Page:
“It is a capital mistake to theorize before one has data. Insensibly one begins to twist facts to suit theories, instead of theories to suit facts.”
Sir Arthur Conan Doyle, Sherlock Holmes
My aha moment came when I was working on a proof of concept using the MNIST dataset. The dataset includes a curated set of handwritten digits from 0 to 9. The trained model had a 99% accuracy score. I wanted to see if it would recognize my handwriting. I have a decent handwriting. At least, when it comes to numbers. I wrote a number on a post-it-note, took a picture, converted it into a 28 x 28 pixel size, and passed it to the model to predict. I was a pretty decent “3”, but the model didn’t recognize it. I tried a different number with the same result. A little bit of troubleshooting made me realize that MNIST digits are black and white, while my data was green and red. No wonder it didn’t work. I also realized that I had a gap between my training data and real production data.
I wasn’t the only one who made such a mistake. There have been several instances in recent past where the gap between training data and production model execution caused a failure (Google’s
medical AI was super accurate in a lab. Real life was a different story, It’s 2020. Where are our self-driving cars?).
Often, machine learning discussions focus on algorithm selection.
- Is it better to use XGBoost or RandomForest?
- Would a deep learning model provide better accuracy?
There are additional questions, all extremely important, for a successful model development process:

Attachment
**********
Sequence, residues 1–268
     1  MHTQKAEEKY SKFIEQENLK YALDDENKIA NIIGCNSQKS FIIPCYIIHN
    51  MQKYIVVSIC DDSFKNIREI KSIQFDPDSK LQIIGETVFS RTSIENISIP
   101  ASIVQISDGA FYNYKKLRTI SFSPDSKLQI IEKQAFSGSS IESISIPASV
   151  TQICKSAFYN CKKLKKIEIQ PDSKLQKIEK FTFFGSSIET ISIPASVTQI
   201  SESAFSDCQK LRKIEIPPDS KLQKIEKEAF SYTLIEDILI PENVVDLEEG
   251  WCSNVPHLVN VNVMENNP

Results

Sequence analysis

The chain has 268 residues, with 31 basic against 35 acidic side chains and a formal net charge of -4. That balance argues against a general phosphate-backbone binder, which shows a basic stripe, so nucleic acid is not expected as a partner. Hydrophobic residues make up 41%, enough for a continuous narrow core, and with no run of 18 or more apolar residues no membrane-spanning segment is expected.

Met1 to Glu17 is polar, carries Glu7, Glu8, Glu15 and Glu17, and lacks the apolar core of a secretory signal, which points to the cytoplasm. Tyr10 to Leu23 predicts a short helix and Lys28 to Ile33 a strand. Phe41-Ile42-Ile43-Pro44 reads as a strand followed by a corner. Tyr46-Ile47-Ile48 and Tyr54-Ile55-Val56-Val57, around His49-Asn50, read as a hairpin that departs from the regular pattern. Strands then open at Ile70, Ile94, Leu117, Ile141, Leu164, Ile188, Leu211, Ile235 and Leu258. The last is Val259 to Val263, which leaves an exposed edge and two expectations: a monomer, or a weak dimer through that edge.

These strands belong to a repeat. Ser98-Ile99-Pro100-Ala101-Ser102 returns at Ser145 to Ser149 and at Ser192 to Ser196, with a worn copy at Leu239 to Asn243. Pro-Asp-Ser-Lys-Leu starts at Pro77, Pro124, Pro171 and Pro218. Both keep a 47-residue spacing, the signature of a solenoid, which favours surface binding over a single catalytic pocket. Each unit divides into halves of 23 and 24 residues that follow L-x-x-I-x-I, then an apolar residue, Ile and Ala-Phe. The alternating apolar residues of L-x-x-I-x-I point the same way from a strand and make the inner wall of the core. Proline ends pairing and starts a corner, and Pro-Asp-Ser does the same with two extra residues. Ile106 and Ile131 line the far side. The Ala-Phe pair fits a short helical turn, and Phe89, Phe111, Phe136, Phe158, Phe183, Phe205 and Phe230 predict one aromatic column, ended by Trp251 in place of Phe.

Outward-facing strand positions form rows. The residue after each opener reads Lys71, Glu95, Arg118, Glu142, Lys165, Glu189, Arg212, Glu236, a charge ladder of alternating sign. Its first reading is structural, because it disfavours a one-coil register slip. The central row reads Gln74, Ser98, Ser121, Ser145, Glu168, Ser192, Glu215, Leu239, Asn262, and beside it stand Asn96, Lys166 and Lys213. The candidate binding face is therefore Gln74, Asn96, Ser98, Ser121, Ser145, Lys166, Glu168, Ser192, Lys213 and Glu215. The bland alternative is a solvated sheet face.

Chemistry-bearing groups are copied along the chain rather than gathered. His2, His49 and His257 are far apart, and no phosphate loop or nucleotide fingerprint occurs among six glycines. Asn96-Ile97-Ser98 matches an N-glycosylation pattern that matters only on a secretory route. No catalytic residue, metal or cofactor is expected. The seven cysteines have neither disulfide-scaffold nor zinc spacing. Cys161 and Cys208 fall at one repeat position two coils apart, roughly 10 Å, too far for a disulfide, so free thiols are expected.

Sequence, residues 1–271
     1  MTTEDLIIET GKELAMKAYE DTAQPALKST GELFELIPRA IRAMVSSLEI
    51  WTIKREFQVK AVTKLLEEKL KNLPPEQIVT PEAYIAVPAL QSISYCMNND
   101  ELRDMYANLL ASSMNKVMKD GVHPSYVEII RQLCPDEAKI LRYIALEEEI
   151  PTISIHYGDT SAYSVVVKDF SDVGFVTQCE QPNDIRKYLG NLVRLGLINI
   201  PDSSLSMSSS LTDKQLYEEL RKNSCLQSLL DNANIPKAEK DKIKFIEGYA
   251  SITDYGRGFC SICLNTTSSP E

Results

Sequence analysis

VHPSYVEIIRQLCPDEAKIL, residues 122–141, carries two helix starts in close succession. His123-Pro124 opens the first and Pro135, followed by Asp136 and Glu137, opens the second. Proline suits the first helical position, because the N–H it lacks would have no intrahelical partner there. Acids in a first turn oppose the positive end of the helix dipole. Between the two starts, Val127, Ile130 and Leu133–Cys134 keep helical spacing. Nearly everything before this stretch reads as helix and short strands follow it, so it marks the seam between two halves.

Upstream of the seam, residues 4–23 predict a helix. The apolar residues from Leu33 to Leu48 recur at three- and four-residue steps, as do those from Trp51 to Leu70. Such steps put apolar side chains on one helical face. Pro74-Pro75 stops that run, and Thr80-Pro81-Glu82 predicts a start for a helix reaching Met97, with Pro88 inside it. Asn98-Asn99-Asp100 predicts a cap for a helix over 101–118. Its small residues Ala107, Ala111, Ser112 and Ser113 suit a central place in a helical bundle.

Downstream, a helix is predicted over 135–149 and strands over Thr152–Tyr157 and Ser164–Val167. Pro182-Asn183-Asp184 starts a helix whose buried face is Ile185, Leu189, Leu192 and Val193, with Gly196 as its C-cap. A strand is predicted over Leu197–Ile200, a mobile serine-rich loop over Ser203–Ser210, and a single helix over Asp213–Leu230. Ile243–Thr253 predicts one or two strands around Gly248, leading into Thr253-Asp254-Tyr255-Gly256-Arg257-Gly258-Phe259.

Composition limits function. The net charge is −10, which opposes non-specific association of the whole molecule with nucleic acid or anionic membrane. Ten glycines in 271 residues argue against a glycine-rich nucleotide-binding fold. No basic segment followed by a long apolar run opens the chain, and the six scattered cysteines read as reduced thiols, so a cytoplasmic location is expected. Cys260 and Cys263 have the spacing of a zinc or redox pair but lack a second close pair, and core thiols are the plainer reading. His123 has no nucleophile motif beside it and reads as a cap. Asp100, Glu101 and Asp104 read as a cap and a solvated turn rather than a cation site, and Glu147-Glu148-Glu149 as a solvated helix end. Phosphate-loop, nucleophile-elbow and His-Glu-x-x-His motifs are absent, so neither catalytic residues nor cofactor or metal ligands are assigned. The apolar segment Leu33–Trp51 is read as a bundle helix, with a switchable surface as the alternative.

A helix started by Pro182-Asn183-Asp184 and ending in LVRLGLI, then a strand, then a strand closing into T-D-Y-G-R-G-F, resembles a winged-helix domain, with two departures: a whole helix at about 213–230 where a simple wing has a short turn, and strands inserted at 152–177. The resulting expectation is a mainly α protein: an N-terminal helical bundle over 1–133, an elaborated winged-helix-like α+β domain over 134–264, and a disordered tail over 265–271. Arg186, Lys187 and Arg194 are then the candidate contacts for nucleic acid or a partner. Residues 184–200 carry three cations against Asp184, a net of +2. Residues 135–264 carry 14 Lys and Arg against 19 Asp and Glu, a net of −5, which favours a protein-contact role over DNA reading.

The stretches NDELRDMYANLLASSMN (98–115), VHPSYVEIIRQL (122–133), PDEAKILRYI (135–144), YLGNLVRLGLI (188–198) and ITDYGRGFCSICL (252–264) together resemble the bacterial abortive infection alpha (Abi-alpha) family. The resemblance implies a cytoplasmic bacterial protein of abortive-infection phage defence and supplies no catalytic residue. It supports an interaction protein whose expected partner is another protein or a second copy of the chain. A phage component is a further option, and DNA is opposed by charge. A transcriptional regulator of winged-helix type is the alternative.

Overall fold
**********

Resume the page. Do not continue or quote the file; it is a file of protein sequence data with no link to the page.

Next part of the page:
- I have 10 years of historical data. Should I use all the data for the ML model?
- How much historical data is required for model training?
- How do I reduce or remove bias from my model?
- How frequently should I retrain the ML model?
- How do I prevent overfitting or underfitting of the model?
- How do I ensure that the model is using appropriate features?
- How do I explain the model results, both to business users and auditors?
While algorithms provide the tools, it’s the data that is fundamental to the model. A successful machine learning model training process requires data, clear business objectives and often more than one data science experiments. The process output – a trained model needs to evaluated using several metrics and supported by transparency (fairness, explainability and privacy). A robust machine learning model training process is a synthesis of all the inputs and a thorough evaluation of the output.
Gartner research document: Machine Learning Training Essentials and Best Practices provides a six-step framework, with data-selection as the first step to ensure a robust production quality machine learning solution. The framework steps through data selection – model learning – model testing – model tuning – versioning – retrain, with transparency, fairness and privacy as key factors.